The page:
Policy Choices in African Structural Adjustment : An Exploration of Sectoral Continuity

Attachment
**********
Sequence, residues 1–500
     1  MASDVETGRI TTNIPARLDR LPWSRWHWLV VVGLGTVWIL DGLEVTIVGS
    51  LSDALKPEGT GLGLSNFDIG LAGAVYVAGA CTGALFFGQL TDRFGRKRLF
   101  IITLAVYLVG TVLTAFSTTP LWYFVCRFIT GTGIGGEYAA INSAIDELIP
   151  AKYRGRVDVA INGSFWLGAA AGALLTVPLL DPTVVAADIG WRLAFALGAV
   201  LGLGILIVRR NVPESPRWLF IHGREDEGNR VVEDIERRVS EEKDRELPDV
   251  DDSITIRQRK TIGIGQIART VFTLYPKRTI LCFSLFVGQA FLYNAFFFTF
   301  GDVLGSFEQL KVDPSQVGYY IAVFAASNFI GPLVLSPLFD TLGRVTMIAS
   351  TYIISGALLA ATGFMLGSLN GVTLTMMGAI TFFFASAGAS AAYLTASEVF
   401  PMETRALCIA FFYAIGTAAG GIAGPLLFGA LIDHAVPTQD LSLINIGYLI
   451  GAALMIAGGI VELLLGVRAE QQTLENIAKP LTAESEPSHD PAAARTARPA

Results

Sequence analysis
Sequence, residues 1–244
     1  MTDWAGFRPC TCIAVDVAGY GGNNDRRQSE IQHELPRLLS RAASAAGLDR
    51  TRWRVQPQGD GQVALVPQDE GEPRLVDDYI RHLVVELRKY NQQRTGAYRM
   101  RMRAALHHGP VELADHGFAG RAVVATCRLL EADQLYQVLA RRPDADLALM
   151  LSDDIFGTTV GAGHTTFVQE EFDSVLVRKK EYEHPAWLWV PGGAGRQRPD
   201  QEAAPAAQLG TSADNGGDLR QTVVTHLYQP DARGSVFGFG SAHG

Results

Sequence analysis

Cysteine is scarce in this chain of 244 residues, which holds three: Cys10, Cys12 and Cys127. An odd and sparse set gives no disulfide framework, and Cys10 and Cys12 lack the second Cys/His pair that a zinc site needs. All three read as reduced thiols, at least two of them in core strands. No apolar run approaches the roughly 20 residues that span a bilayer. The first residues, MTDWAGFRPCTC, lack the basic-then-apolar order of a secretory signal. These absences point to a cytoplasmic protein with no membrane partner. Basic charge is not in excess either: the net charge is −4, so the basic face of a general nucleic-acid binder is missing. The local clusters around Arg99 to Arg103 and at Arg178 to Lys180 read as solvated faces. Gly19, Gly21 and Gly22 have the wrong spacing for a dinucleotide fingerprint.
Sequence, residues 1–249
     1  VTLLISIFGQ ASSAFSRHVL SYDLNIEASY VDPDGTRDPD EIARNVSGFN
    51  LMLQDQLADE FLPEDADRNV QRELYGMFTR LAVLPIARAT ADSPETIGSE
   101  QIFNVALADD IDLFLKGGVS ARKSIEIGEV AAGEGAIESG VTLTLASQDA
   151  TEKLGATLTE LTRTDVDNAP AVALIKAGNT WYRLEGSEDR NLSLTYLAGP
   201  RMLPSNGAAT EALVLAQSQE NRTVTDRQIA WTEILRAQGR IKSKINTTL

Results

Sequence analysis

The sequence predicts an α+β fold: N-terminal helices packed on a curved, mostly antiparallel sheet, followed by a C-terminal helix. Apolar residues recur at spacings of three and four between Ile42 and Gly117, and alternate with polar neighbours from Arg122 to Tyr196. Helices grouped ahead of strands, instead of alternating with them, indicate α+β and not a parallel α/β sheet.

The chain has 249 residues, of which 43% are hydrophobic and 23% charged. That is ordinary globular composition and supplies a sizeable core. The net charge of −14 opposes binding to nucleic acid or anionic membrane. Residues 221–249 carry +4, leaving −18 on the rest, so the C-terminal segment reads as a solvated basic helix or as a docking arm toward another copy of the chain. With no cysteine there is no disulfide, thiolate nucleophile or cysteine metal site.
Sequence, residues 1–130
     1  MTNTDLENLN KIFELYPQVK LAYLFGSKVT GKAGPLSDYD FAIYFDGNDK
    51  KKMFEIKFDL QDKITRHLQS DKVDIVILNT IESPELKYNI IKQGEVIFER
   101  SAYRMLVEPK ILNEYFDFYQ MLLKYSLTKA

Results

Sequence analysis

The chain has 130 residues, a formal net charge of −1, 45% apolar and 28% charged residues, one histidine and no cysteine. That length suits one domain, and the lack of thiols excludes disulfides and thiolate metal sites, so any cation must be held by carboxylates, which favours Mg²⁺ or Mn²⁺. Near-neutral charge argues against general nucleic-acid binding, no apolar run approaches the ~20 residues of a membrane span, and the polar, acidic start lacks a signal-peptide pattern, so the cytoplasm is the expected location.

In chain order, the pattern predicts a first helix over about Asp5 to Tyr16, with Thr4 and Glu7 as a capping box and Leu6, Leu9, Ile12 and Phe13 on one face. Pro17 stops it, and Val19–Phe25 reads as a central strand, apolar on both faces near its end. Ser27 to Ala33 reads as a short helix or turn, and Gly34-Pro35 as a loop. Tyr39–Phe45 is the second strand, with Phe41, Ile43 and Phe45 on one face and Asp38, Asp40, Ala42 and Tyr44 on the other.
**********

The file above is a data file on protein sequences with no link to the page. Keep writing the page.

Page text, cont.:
Abstract: Between 1980 and 2000, a number of Sub-Saharan African countries entered into conditional structural adjustment lending arrangements with the International Monetary Fund (IMF) in response to economic crisis and decline. Despite the fact that the crises had been due in part to long-term overdependence on primary sector activities, such as cash crop agriculture and natural resource extraction, many countries allegedly continued to prioritize these activities during structural adjustment. This approach of continued primary sector-oriented development despite the risks associated with such policies presents a puzzle, raising the question of whether and why borrowing African countries pursued similar sectoral policies in the structural adjustment period as they had during previous periods of development. This dissertation investigates the above puzzle of sectoral continuity by describing and explaining cases of continuity in the agricultural, extractive, and industrial sectors in ten Sub-Saharan African countries between the colonial period and the structural adjustment period. Using novel data, the dissertation descriptively demonstrates that there was significant continuity over time in terms of which sectors were prioritized (i.e., sectoral level continuity) and the policy approaches used to structure economic activity within those sectors (i.e., within-sector continuity), finding strong evidence of agricultural sector continuity and isolated cases of extractive and industrial sector continuity in the ten countries.I argue that these cases of sectoral continuity can be explained primarily by domestic interests in borrowing countries. I show that borrowing governments exercised significant influence over sectoral policy-making during structural adjustment, and that they utilized that influence to pursue continuity in existing productive sector activities in the context of domestic political systems characterized by widespread state use of productive sector resources as a means of maintaining political power and support. I also argue, however, that borrowing states did not always exercise influence over sectoral policy choices and that, in some cases, IMF staff exercised dominant control over sectoral policy. In these cases, IMF staff used their influence to pursue policies of sector-level continuity and within-sector discontinuity based on prevailing economic ideas. With the above findings, the dissertation makes a theoretical contribution in the form of a multi-level framework of international policy-making that takes into account (1) which actors dominated structural adjustment policy-making processes and (2) how those actors’ preferences impacted the degree to which sectoral policy choices were geared toward continuity or change.